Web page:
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One way to bring conscious awareness is to keep a journal of all the times you catch yourself not being truthful. Judi Ketteler, author of Would I Lie to You? The Amazing Power of Being Honest in a World That Lies, kept an honesty journal to bring awareness to her lying.

Each time you catch yourself in a lie, write down how it made you feel. What were your thoughts or physical feelings? What are your fears around telling the truth in that particular situation? What are you losing by hiding your truth? How could you express yourself in a way that more genuinely reflects your inner mind?

The next step is to dive in and start being more honest about what you are thinking. One thing to bear in mind is that we may be lying because we do not want to hurt people.

Of course, honesty doesn’t mean being blunt and hurtful just for the sake of it, but means simply expressing your thoughts and feelings more accurately so your needs are met. This can be intimidating, especially if you are undoing a lifelong pattern of suppressing your truth. Marshall Rosenberg, the founder of the Center for Non-Violent Communication, referred to the concept of ‘scary honesty’ because of how terrifying it can feel.

A way to soften the blow of your honesty is to recognise the difference between what Marshall called ‘jackal’ and ‘giraffe’ honesty. Jackal honesty is a language of demands; blaming, criticising, judging, and demanding. Giraffe honesty is more clear-sighted; like a giraffe and its long neck, you can see the full picture, and recognise that thoughtful communication is clear and less likely to hurt others. With giraffe honesty, you can focus on observing, connecting, feeling, and requesting. So, if there’s something you need you can ask for it, and express why, rather than attacking the other person.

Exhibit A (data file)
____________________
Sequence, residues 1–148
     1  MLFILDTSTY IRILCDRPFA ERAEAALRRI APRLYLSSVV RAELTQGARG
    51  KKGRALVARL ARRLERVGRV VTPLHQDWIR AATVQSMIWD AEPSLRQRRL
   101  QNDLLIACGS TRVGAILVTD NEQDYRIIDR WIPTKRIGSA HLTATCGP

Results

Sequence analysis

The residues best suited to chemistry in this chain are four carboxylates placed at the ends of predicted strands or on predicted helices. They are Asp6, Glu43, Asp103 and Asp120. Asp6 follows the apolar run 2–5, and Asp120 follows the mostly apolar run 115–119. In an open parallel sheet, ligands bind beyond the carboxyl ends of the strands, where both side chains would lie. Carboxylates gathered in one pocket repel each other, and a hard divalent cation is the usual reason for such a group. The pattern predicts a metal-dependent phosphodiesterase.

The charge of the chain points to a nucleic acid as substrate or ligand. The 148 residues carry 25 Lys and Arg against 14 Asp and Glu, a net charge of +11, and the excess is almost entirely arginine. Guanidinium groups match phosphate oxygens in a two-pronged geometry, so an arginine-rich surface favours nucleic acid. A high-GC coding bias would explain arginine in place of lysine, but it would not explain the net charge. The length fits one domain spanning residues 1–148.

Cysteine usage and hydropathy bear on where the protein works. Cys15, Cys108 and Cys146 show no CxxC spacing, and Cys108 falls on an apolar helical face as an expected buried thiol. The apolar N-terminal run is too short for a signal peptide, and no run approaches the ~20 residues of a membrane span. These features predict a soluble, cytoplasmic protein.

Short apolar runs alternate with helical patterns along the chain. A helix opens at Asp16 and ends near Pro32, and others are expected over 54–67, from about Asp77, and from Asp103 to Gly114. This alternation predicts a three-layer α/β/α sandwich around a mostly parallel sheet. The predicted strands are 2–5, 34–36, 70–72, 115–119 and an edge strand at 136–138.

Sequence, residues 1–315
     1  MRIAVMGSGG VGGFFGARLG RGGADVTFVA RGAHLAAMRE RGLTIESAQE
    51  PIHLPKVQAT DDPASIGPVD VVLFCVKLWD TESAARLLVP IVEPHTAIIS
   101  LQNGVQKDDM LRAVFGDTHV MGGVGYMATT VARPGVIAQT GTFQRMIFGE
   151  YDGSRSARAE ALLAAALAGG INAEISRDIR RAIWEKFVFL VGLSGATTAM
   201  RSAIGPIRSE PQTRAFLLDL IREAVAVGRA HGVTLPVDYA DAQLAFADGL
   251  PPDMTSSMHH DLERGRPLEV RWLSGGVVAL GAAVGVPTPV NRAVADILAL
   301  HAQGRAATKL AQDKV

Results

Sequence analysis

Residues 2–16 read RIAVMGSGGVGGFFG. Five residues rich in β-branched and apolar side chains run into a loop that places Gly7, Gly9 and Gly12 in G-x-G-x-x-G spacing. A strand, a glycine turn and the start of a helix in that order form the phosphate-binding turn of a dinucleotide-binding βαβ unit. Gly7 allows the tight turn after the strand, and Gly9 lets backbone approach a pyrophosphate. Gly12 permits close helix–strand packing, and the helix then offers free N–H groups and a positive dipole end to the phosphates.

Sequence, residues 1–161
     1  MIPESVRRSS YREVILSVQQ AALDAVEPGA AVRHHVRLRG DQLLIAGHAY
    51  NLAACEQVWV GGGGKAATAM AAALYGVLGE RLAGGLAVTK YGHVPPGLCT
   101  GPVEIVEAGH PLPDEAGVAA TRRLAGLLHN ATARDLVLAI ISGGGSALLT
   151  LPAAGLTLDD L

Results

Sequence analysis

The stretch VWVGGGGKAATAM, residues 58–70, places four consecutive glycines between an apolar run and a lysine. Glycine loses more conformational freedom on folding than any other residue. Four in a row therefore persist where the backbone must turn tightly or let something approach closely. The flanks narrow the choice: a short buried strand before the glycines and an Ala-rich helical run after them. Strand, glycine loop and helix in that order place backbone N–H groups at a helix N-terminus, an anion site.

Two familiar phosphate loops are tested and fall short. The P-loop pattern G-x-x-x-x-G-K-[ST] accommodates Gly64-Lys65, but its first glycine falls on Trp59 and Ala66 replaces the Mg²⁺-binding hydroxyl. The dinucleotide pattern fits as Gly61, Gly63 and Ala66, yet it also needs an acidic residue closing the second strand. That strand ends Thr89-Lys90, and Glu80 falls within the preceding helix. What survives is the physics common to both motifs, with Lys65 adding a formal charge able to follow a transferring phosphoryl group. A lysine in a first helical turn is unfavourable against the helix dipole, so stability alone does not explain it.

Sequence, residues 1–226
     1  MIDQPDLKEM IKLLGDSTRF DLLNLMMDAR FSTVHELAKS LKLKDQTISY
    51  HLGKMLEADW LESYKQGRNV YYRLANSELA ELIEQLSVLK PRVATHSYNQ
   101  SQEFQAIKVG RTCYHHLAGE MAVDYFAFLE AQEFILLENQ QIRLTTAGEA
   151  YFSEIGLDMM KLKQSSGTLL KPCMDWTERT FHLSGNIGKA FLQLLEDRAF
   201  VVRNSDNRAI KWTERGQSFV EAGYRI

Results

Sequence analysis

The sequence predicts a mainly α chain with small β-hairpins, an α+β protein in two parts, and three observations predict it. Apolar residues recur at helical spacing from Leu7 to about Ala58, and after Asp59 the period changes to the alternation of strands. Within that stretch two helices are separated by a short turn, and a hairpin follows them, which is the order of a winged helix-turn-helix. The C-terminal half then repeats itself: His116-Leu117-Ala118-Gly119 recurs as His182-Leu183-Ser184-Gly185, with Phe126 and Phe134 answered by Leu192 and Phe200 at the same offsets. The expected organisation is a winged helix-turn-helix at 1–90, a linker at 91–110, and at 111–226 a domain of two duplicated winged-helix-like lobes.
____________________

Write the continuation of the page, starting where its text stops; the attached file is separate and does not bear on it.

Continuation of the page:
Using ‘I’ statements can help with giraffe honesty. When we use ‘I’ statements, we deliver our message with a focus on our feelings and beliefs, rather than our judgements on the other. For example: ‘I feel frustrated when I come home and the house is messy,’ as opposed to: ‘You always leave your mess lying everywhere.’

The last thing to be aware of is that being honest also means listening to what others have to say in response. Honesty can open up a conversation, and we may end up hearing something honest in return. This can deepen and enrich relationships in ways you might never have imagined. Modelling good honesty goes against our culture of white lies. It’s like a permission slip that lets others know that the times are changing, it’s OK to share what we really want and need.

The first time I heard a friend say to me that she couldn’t meet me because she was exhausted, emotional, and struggling, it was a relief. Instead of me wondering why she really cancelled, and if she really liked me, I knew that this was someone I could be close to, this was someone I could be true with. So, the next time I felt overworked and overwhelmed, I cancelled plans, feeling zero guilt.

Closeness can come from sharing our realness, rather than trying to always make the other person happy – and the more real we can be, the more genuine happiness we can cultivate, while inspiring others to do the same.